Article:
American Indian Genealogy
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[[Image:Cheyenne-Henry-Roman-Nose-Yellow-Bear-and-Lame-Man-1899.jpg|thumb|right|150x220px]]"The Key to success in American Indian genealogy is the cross-disciplinary approach. One cannot just be a genealogist who pours through public records. Only the very lucky will find a census record with a notation that so-and-so was a Choctaw Indian. The task requires an expanded thought process where one must investigate all possibilities without tiring of the effort. The history of the family, community, county and state must be known. Church and local records must be examined for any clue regarding family origins. A successful researcher must also have an intimate knowledge of tribal history and culture. This is a very big order, indeed especially for the small splinter groups that dot the southern map. The quest can be a noble and romantic endeavor. At the least, one can come away with a great body of knowledge of the first American. At most, one can find that allusive [sic] '''Native American ancestor'''." Thomas J. Blumer, "Practical Pointers in Tracing Your Indian Ancestry in the Southeast". ''Journal of the Afro-American Historical and Genealogical Society.'' volume13, number 1, (Spring/Fall1994): 67-82.
=== Did You Know? ===
=== Did You Know? ===
Revision as of 15:30, 18 March 2013
American Indian (Native American) genealogy and family history research page. Guide to genealogy, history and records: census, church, allotment (land and property), military, and newspapers. Records may be searched by location (state or reservation) tribe, agency, and reservation.
Did You Know?
- American Indians served in every U.S. Military conflict from the Revolutionary War to the present. Many served as scouts for the United States Army during many of their skirmishes with other Indians.
- In 1902 the Commissioner of the Bureau of Indian Affairs (BIA) sent a circular letter to all field agents giving them instructions to systematize the surnames of all Indians under their charge.
- The Indian Reorganization Act (also known as the Wheeler-Howard Act) of 1934 established the right for most Indian tribes of the United States to govern their own affairs through the establishment of their own tribal governments, tribal councils, and tribal offices.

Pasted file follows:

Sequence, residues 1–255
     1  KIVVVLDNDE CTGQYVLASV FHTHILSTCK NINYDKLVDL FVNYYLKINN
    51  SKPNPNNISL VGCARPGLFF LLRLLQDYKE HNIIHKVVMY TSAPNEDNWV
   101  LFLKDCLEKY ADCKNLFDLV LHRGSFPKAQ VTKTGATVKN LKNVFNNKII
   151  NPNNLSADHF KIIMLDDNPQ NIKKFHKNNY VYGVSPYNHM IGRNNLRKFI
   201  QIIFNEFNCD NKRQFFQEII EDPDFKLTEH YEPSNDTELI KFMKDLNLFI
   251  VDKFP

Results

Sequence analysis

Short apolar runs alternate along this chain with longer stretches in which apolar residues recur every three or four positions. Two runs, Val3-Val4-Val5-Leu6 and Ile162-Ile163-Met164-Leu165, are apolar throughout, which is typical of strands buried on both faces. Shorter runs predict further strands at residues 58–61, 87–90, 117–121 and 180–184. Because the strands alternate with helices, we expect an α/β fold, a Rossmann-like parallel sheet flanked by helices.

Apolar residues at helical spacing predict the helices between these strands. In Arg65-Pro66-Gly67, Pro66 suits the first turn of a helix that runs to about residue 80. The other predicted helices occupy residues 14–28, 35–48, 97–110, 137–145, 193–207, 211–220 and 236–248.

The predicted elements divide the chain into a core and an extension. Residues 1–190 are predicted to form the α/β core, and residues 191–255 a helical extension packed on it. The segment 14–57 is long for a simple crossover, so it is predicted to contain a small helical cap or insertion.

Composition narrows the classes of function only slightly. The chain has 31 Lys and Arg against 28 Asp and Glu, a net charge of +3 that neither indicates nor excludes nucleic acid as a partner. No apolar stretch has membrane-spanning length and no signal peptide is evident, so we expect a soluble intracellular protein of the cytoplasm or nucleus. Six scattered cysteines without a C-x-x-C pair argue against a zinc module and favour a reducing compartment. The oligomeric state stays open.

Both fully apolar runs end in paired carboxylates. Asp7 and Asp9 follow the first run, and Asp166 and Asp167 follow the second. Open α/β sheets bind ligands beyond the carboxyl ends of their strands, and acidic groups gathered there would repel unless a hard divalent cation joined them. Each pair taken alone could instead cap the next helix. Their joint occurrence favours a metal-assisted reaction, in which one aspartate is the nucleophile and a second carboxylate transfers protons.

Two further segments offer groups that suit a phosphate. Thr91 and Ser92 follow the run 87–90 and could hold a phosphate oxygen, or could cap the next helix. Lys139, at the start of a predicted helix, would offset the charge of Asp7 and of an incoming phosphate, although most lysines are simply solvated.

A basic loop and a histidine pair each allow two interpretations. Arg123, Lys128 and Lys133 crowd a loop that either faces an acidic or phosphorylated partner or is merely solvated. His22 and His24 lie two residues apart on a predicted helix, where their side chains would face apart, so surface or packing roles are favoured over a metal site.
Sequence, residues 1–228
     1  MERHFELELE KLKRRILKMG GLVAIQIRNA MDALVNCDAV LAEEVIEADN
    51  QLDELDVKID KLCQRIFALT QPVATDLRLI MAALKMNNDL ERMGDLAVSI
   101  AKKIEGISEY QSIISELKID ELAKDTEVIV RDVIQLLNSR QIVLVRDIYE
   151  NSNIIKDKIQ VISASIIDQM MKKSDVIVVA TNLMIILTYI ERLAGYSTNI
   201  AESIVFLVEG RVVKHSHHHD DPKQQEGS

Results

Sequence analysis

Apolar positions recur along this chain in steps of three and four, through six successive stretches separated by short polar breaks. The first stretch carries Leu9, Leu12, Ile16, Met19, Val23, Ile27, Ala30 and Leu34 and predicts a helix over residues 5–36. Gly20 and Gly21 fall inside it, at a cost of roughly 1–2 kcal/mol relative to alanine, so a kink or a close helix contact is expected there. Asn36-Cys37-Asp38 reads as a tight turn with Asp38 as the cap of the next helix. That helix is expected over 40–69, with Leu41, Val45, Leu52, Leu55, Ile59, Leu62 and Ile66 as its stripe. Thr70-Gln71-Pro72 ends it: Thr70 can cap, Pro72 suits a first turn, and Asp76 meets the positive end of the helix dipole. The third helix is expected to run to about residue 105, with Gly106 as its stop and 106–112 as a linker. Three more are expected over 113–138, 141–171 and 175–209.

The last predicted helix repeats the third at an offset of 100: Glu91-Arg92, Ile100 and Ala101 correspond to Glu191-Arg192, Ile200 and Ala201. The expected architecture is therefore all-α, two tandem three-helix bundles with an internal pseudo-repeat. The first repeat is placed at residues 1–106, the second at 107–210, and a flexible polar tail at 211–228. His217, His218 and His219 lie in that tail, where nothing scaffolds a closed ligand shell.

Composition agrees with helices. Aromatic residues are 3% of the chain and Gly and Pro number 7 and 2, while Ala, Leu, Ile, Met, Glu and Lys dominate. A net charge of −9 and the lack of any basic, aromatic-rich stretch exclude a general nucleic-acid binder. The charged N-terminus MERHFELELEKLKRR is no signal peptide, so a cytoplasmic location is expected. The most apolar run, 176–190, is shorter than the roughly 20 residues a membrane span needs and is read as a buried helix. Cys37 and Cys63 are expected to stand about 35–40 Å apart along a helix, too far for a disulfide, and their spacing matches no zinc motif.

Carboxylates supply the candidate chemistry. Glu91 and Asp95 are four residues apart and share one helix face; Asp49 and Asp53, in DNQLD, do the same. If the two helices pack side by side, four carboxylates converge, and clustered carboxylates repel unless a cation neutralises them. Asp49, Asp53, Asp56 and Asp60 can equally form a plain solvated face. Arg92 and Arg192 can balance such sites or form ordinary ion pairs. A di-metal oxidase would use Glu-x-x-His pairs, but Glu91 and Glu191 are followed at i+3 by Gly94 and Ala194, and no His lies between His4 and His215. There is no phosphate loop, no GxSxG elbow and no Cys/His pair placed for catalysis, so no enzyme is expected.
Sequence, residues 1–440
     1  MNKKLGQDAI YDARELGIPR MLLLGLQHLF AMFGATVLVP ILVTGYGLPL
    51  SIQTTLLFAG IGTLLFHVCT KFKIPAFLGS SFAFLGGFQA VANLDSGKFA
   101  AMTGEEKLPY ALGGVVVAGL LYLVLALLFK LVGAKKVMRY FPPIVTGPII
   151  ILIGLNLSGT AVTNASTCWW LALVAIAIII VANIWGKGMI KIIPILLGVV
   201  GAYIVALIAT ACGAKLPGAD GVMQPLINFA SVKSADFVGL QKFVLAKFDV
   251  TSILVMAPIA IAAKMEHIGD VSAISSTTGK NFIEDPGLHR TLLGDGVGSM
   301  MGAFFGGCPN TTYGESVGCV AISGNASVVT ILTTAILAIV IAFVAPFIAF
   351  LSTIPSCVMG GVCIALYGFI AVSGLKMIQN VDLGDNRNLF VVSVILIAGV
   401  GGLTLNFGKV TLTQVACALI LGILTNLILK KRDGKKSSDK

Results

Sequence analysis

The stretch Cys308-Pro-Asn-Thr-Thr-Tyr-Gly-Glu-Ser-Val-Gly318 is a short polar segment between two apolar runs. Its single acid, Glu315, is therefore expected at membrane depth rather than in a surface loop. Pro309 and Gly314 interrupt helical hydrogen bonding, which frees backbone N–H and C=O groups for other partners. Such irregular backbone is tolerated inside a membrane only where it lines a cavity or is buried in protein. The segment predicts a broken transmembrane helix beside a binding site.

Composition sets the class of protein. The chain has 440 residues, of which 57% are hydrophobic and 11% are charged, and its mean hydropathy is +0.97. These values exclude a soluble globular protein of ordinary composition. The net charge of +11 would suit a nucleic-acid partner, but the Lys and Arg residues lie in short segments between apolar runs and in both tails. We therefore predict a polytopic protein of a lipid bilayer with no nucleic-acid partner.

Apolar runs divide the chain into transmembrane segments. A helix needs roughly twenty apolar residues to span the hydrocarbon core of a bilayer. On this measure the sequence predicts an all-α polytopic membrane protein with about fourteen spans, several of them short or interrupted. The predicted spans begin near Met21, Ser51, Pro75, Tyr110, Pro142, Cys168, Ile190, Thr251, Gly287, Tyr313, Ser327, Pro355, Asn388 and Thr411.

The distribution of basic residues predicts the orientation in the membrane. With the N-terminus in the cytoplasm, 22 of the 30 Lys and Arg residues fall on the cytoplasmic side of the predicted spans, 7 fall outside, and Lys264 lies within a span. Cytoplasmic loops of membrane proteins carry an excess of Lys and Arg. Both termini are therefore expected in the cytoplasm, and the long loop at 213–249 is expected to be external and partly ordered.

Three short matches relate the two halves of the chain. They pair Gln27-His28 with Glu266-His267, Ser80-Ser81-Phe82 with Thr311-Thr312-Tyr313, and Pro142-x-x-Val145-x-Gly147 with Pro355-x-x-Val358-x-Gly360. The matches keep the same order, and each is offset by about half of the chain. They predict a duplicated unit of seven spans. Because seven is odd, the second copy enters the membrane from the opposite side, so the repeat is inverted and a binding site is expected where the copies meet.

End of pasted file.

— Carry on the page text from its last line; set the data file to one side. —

Getting Started with American Indian Research
Several approaches could be taken to locate information about a potential American Indian ancestor.
- If the name of the tribe with which the ancestor was associated is known, a researcher should study the history and culture of that tribe and locate the records created by various records jurisdictions for that tribe.
- If the tribe is not known, a more logical approach would be to determine the tribes associated with the locality or localities where the ancestor resided. In this case, sometimes only the state is known. Occasionally a county of residence is known. In either case, the records of that locality should be searched until the association of the ancestor is established or at least strongly suspected.
- If a residence close to a reservation or a Bureau of Indian Affairs agency is known, the history of the reservation or agency and the location of records they generated could be studied.
Many records were created by the Bureau of Indian Affairs and their various offices. Many of those records have been preserved by the National Archives of the United States and its regional archives. Some of those records have been microfilmed and are available at the Family History Library in Salt Lake City. Some of the records are also being digitized and indexed by internet websites and by commercial companies.
There are also other jurisdictions that recorded information about the American Indians, including churches, schools, hospitals, and others. Each of these jurisdictions may have records of individual Indians and should be studied.
If you know where your ancestor lived at the time of the alleged Indian connection, go to the page for the Indians of that state or province by clicking on the link below.